had averaged 33 points per game
and were looked upon as the un-
stoppable offense because of their
two top flight quarterbacks, three
great ends, and four flashy backs.
Lions Unimpressed
Apparently the Lions weren't
impressed with the greatly ac-
claimed Bear squad, because they
held the so-called "monsters of
the Midway" to 114 yards by
rushing and 70 yards through the
air, while they accumulated 214
yards on the ground and 267 yds
via the air.
At no time did the Lions have
to resort to a punt throughout a
game that was highlighted by the
spirited Detroit fans yelling: "We
want Bear meat"-and they got it!
The Eastern Division also boast-
ed an important game, as the New
York Giants continued 'to roll, by
defeating the Washington Red-
skins, 28-14.
Gifford Busy
Giant halfback Frank Gifford
was the busy man on the field as
he ran for two touchdowns, caught
a pass for the third, and fired an
aerial for the fourth.
The former USC All-American
ran for 108 yards and caught six
passes for 53 yards in the victory
which just about clinched the
divisional title for the New York-

In other games Cleveland edged
Philadelphia, 17-14, as Lou Groza
booted a field goal with only 29
seconds remaining in the game.
San Francisco Wins
San Francisco end Billy Wilson
snagged two touchdown aerials
as the Forty-Niners beat the Bal-
timore Colts.
Green Bay quarterback Tobin
Rote directed the Packers to their
second upset victory in two games
Cardinals 24-21. He ran for all
as they rallied to beat the Chicago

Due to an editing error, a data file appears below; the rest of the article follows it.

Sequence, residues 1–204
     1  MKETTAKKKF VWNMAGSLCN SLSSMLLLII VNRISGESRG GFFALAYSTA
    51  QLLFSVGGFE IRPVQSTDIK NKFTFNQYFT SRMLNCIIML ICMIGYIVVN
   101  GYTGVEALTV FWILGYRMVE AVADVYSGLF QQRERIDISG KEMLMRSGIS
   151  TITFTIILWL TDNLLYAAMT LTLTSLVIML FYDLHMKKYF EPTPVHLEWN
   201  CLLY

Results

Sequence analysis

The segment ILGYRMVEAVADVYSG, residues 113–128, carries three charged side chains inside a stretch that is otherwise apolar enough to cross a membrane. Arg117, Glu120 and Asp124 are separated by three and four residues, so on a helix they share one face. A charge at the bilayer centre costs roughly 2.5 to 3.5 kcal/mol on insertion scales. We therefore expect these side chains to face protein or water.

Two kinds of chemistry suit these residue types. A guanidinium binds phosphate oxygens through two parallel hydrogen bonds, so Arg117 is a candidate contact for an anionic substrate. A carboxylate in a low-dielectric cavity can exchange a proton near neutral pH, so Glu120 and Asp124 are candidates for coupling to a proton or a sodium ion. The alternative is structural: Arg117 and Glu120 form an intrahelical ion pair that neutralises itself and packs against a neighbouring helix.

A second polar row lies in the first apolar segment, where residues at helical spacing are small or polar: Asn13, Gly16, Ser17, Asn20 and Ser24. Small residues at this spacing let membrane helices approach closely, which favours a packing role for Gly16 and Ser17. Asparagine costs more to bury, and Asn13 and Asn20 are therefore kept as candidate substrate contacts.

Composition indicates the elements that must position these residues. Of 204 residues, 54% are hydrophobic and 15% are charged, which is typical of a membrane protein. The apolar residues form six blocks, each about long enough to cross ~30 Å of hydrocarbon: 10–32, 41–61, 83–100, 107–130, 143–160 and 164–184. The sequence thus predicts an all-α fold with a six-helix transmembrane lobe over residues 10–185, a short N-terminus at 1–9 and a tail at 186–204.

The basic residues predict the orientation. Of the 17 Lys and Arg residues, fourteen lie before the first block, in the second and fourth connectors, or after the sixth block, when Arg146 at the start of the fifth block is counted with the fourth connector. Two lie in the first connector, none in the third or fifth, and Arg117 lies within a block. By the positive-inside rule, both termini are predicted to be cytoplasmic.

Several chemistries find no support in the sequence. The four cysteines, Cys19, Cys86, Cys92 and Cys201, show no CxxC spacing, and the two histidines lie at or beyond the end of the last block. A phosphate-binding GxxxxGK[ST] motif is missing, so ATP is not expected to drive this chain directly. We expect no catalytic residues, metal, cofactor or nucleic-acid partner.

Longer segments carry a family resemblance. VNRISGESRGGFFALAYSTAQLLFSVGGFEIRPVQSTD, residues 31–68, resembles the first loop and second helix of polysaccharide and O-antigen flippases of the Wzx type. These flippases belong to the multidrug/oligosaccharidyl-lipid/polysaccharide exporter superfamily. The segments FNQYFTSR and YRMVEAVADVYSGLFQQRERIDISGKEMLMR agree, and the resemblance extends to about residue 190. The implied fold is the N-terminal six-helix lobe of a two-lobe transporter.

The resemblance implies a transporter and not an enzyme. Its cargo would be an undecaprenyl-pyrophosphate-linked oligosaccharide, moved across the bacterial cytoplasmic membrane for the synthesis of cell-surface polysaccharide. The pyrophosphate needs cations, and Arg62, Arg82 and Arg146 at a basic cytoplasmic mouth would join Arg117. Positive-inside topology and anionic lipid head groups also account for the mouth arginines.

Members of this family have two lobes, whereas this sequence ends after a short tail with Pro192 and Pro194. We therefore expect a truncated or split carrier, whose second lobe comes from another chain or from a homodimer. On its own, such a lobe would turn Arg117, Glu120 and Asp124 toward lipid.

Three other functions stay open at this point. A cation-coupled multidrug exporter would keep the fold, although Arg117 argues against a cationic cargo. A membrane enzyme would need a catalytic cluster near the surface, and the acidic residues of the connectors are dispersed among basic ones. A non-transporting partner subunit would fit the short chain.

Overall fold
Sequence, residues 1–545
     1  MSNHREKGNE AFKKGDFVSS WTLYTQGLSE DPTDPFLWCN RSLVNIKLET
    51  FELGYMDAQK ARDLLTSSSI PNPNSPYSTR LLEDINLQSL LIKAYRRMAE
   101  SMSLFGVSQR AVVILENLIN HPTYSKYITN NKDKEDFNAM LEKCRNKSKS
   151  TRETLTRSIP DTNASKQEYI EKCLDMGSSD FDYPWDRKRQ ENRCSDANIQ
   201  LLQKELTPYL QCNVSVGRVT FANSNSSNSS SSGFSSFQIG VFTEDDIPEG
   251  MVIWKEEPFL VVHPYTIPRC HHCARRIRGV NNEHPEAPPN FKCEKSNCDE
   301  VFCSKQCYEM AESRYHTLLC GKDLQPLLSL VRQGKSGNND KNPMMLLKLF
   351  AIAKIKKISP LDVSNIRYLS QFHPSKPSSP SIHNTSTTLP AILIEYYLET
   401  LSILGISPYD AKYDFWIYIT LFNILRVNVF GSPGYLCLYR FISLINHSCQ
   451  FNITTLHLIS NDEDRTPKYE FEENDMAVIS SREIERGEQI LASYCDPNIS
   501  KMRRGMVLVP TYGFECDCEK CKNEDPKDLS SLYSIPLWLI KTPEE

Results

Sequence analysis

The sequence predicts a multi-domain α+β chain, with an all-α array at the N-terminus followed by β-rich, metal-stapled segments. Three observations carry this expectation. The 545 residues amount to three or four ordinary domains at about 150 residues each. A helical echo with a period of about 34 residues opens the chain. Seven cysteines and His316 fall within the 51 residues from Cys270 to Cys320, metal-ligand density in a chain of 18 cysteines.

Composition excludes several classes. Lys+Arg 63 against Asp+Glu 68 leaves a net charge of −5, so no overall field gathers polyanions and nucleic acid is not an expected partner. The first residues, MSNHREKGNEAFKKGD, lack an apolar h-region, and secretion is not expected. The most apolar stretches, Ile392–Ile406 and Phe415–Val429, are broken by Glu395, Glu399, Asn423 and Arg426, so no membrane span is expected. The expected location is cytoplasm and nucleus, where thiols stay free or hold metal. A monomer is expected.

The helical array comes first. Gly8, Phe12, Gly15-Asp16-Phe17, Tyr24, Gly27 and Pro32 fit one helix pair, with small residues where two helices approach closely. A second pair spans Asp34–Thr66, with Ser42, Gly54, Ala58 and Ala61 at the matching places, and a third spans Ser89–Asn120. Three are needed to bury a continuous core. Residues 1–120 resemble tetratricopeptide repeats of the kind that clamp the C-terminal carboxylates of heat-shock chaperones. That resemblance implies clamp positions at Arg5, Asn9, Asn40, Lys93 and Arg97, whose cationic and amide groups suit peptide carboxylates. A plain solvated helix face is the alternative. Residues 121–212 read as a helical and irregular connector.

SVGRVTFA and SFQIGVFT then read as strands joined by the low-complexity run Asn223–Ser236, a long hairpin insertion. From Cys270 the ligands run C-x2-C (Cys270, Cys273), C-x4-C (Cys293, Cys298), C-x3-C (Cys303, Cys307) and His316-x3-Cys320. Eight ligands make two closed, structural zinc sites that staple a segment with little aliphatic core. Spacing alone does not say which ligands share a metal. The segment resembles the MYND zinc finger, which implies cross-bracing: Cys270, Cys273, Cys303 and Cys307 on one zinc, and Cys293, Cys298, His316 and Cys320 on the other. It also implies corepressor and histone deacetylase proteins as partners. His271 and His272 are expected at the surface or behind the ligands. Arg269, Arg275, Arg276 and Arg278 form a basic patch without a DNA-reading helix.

three Green Ray touchdowns.
Veteran end Elbie Nickel caught
two touchdown passes from quar-
terback Jack Scarbath, who was
calling his first game, to send the
Pittsburgh Steelers to a 30-13 win
over the Los Angeles Rams.
Syracuse 97, Fort Wayne 96
Boston 108, St. Louis 107
New York 101, Minneapolis 88

Coliseum at 5:15 p.m. the day of
the game.
Tickets Available Friday
The lone exception to the rule
is this weekend, due to the odd
Saturday-Monday series with Tor-
onto. Tickets for these games will
be available on Friday, a day ear-
lier than usual, as well as Satur-
Student tickets will sell for six-
ty cents and the student must
show his I-D card. A married stu-
dent who wishes to buy a ticket
for his spouse must show his blue
spouse card.
Meanwhile, Coach Vic Heyli-
ger's Wolverine sextet is slowly
rounding into shape. Beset by sev-
eral minor injuries in the last few
weeks, the team is now, on the
whole, healthy and will be at full
strength for this weekend's games.
Crucial Western Tour
Michigan plays four league
games - good for eight points -
during five days, Dec. 18-22, when
they tour the west for a crucial
two game series with both Color-
ado College and Denver.
The WIHL rule on points
awarded for a win is as follows:
If teams play each other twice
during the season two points are
awarded to the winner of each
game. If teams meet four times,
the winners get a single point per
Thus' these two point games
loom as big ones on Michigan's
schedule-musts. In fact, in the
past, the Wolverines haven't fared
well at all during the regular sea-
son in the west.
Two years ago, in their last ap-
pearance in Colorado in WIHL